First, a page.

Now, I have complained elsewhere that Garfinkel does not have an explicit theory of culture, unless, as I suggest, facing immortal assembling of haecceities is precisely such a theory–which is my point.

Thus, our scientific task is more akin to physicists disputing “gravity” (islanding, culture) than to medical researchers looking for the cause of autism, or the better therapy (technology, development).

[See also an earlier post on the Boasian revolt against classifications by function and causes]

constructing the gender of human bodies, literally

Sculpting new genitalia into a human body may be the ultimate in the (social) construction of new realities, the making of cyborgs, and the radical embodiment of a cultural arbitrary (in the service, some say, of making visible the ‘true nature’ of the subject body).

In the epoch of the clinic (as per Foucault, and not to challenge readers by writing about “Euro-American culture”) many human beings (we) have learned a lot about the peculiarities of sexual dimorphism (“males” without male genitalia; “females” with same; other chromosomal oddities, etc.) compounded by the mysteries concerning the origin and experiences of sexual attraction (not to mention sexual practices).  How this knowledge became facts in textbooks, the media, the law, and how it spread across miscellaneous populations, is a problem for historians.  Who knows what about all this, practically, at this particular moment in the life of a polity submitted to the regime of the clinic, is a problem for sociologists and anthropologists.  A version of the problem concerns the tracing of what is being done about it and what challenges are then faced given the possibilities that the epoch of the clinic have opened.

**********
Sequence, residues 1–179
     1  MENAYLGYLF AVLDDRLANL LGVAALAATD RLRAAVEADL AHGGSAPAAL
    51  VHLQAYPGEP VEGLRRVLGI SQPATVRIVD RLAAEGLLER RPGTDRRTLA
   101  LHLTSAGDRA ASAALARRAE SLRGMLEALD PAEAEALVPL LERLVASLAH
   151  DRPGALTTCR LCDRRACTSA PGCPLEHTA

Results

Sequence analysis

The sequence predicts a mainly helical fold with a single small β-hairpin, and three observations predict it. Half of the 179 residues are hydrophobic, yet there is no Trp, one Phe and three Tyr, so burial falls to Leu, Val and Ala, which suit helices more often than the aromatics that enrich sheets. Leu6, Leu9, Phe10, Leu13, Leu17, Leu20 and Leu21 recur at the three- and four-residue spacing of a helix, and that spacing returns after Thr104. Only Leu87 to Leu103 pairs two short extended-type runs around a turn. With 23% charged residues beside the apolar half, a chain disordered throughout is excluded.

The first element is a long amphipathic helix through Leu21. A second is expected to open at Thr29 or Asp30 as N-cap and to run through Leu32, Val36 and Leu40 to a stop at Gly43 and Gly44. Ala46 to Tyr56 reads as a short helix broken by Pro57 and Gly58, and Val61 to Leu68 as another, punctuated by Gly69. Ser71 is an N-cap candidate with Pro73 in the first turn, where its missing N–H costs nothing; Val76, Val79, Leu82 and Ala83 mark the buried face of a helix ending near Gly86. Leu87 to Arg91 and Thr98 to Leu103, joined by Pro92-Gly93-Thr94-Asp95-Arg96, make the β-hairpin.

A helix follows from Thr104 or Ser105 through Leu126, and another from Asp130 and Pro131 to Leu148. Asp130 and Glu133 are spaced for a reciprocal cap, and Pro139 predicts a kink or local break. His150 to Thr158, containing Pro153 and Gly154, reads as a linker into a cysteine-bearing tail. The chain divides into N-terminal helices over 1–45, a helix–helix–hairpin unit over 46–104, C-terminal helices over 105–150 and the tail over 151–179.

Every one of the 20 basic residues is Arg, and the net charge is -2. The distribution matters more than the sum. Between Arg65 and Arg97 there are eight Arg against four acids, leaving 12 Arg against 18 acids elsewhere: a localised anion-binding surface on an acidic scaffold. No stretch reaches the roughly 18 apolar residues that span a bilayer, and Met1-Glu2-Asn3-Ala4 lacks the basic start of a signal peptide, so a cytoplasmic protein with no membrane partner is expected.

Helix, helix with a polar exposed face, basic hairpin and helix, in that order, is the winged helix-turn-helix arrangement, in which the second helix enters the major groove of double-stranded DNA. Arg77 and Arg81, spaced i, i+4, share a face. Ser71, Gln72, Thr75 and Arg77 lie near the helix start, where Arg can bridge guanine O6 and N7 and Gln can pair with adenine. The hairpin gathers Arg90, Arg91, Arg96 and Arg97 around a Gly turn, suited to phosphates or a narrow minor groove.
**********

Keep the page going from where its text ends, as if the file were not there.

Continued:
This brings me to the surgeons who perform “sex change” operations (search Google for “gender change” operations and find out all references are to “sex change”–another proof of Schneider’s conjecture about American kinship, 1980 [1968]).  It brings me particularly to one set of surgeons who, sometimes in the 1960s, performed the operation on “Agnes” who was made famous by Garfinkel (1967: Chapter V), and particularly on a few lines in a few notes about post-operative issues: